Features - Interview

JULY 1, 1992

Bob Judd


You might have heard of Bob Judd. He writes novels about motor racing. Go to an airport and you will probably find copies of Formula 1 and Indy on the shelves. It sounds a great life, doesn't it? How does one do it?

You might have heard of Bob Judd. He writes novels about motor racing. Go to an airport and you will probably find copies of Formula 1 and Indy on the shelves. It sounds a great life, doesn't it? How does one do it?

Judd is a storyteller by nature and he launches into the tale with obvious gusto.

"When I graduated from university I decided I was going to be an undercover agent on the Italian Riviera," he laughs. "This came to a halt when there was a letter from my doctor saying Robert has asthma so badly that sometimes it hinders his playing American football.

"I then toyed with the idea of being a reporter. My father was a newspaper man and I think anyone who does that has immense courage. It is hard work.

"In the end did what seemed the easy way out - I went into advertising. I made a good living and travelled all over the world. I had a ball."

But he wanted more than that.

"I had done some freelance work for a woman who was a sex therapist. What she was doing was lowering people's anxieties, getting them to actually talk to each other. She was also running a programme for the bereaved and I wrote a book about that. It was immensely successful except when it came to money. If I had added up the numbers I would never have left a well-paid job in advertising.

"We did another book called Sexual Conflicts - and it did all right, but I think the public was a little sick of sex manuals - even though ours was more about the sexual communication programme.

"After that I went back into advertising and I did about 30 promotional films for Ford with Jackie Stewart.

"I'd always been fascinating by racing. I saw my first race when I was 16 and it's addictive. I don't know that there is any cure for it -- apart from an overdose. I wanted to be a racing driver but I lacked almost everything you need. My attention-span, my concentration, my eyesight and my courage were not that good -- and I'm the wrong size as well.

"I went to the Brands Hatch racing school and drove Formula Fords around long enough to crash one."

There came a point, however, when Judd had to make a decision to either stay in advertising or take a risk and write a more books.

"I was immensely fortunate in having enough money to live for a year without an income," he explains. "Most writers would give their right or left anything for that chance. I had it and took it."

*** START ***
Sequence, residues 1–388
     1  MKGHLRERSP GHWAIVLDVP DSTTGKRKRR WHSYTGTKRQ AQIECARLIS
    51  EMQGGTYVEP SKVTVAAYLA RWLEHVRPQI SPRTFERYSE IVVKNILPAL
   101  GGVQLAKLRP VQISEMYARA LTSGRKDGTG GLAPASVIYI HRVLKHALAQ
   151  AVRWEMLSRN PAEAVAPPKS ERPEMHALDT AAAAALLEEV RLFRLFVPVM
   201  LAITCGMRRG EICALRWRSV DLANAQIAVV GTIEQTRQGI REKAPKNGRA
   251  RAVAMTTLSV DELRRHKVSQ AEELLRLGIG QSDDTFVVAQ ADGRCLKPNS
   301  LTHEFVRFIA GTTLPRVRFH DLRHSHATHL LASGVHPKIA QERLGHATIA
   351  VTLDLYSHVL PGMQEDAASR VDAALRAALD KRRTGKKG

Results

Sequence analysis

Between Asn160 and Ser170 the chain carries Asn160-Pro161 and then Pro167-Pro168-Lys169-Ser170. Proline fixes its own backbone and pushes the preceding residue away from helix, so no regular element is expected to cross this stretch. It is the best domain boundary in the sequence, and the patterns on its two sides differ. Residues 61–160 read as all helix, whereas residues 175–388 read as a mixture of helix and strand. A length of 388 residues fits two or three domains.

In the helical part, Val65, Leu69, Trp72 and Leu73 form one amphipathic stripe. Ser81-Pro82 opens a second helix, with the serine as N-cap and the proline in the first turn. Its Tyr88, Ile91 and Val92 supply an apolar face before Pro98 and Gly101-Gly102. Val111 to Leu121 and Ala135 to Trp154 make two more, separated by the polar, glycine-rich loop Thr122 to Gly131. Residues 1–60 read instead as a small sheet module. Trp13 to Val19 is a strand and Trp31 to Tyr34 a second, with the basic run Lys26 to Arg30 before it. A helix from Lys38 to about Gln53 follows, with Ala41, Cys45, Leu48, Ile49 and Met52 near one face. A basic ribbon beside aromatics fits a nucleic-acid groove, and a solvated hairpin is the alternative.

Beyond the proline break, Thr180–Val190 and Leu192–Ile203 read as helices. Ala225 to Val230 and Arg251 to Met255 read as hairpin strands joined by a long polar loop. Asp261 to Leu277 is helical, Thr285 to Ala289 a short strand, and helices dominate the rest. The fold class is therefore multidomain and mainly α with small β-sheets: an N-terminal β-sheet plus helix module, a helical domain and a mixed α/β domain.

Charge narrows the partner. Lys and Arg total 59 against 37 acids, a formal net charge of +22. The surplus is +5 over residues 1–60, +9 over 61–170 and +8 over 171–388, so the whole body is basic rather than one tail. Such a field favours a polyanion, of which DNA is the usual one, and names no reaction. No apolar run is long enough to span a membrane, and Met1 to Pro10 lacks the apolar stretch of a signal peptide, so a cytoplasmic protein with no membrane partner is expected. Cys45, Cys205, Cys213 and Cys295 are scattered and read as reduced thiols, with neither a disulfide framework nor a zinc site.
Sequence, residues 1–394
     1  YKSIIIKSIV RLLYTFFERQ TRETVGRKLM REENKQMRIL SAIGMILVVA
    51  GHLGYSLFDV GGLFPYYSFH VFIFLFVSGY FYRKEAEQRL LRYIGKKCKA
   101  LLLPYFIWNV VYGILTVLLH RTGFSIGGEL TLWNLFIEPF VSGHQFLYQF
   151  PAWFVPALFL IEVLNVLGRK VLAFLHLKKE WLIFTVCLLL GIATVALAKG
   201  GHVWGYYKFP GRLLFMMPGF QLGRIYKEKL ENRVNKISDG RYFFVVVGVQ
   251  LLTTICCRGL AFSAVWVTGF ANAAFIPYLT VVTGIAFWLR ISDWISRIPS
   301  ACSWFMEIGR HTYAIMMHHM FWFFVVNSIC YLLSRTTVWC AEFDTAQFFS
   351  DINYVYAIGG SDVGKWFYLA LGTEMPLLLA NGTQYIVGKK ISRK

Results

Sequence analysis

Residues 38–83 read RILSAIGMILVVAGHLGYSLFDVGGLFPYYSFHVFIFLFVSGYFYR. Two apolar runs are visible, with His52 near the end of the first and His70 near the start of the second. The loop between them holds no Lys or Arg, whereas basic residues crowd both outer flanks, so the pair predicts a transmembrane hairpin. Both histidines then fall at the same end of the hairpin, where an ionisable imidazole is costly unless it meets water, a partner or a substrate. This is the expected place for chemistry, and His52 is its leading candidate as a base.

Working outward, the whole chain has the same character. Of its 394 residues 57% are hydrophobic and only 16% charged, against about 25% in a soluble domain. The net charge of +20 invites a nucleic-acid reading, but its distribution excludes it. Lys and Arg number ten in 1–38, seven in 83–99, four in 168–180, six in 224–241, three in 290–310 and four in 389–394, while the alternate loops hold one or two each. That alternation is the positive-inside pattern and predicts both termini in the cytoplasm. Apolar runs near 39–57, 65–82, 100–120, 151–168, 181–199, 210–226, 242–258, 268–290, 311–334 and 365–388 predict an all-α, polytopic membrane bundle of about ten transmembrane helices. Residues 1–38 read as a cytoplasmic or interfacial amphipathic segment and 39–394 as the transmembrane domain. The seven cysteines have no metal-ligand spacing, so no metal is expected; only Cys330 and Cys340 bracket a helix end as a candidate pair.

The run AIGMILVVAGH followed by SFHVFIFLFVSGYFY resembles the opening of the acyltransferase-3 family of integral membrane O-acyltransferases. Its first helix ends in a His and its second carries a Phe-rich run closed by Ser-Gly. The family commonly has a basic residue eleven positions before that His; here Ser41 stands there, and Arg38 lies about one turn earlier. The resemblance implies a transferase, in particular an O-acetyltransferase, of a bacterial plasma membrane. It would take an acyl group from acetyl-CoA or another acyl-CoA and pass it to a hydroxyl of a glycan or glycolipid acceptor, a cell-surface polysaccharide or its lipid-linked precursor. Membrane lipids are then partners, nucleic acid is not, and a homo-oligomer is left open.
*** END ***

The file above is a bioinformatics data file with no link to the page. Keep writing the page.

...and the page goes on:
He wrote a book about the advertising world: "It was about two sisters who started an advertising agency which becomes the largest in the world. It was sort of sex and shopping, but they buy corporations instead of frocks."

His agent was not impressed.

"He said it was 10 years out of date," says Judd. "That was devastating. So I asked him if I could be the Dick Francis of motor racing.

"When he got the manuscript of Formula 1 he said: 'Wonderful, I'm not going to take less than 500,000'. That amount of money was so vast I didn't even ask if it was dollars or pounds. I also didn't get it! You learn very quickly that you don't hope about such things. The important thing is to write a good book.

"Still," he laughs, "I'm having the time of my life. It's terribly hard work. I have to do all this research, going to the tracks, meeting all my heroes -- the drivers -- then going to places like the Cayman Islands where people launder money to find out about that.

"Actually, there is so much fact. So much to learn. Most racing fans probably know as much as I do about motor racing -- many of them probably know a great deal more. If you are writing for a mass audience you realise that there are people who are going to be extremely critical from a technical point of view. There are also people who know nothing about motor racing. You want to excite them without being pedestrian.

"Where fiction is magic is getting into the mind of a driver. You can explore what makes drivers different. You cannot do that with a camera. There is the noise, the heat, the vibration, the sense of danger, the way the mind speeds up, the two different times you have -- the one inside the car and the one outside. You can all do that in fiction.

"I think I could probably do better plots, but if you are writing for entertainment it's a very fine high-wire. If the reader throws up their hands and goes to see what is in the fridge, you have lost."

After two racing novels, Judd has established something of a niche for himself. A third book -- another featuring the Forrest Evers character -- is on the way. It will be called Monza and Judd was at the recent Italian Grand Prix to soak up some of the atmosphere of the Autodromo Nazionale.

"Monza is a very evocative place," he says. "Italy is a not a simple country and it is not enough to deal in caricatures.

"It's a wonderful story. Evers now has a another driver who is younger and faster than he is -- and a real shit!"

And beyond that?

"I don't know. When I started I had the idea of writing a book about a driver beginning in entry level racing. That would be followed by a second book which would see him becoming reasonably successful and beginning to be corrupted and the third being immensely successful and totally corrupted. Maybe that was too cynical."